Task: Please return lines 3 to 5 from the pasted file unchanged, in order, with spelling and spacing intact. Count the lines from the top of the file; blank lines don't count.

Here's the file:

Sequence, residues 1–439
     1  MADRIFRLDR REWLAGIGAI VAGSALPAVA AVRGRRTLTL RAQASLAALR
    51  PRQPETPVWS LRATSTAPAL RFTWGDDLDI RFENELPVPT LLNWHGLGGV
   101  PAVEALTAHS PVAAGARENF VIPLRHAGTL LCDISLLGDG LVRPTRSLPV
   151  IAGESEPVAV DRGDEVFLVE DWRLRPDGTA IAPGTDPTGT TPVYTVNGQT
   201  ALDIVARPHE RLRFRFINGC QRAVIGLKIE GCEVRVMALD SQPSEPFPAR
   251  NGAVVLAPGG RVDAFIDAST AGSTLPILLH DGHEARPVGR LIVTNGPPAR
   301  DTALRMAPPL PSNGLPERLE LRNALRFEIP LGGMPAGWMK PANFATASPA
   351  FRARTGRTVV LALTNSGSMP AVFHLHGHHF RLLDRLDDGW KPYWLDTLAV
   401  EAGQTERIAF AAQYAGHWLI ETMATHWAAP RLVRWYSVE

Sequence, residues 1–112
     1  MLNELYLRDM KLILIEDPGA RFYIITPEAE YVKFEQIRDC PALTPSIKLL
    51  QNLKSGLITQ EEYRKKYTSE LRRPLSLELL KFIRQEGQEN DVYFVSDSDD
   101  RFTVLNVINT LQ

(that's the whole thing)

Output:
    51  PRQPETPVWS LRATSTAPAL RFTWGDDLDI RFENELPVPT LLNWHGLGGV
   101  PAVEALTAHS PVAAGARENF VIPLRHAGTL LCDISLLGDG LVRPTRSLPV
   151  IAGESEPVAV DRGDEVFLVE DWRLRPDGTA IAPGTDPTGT TPVYTVNGQT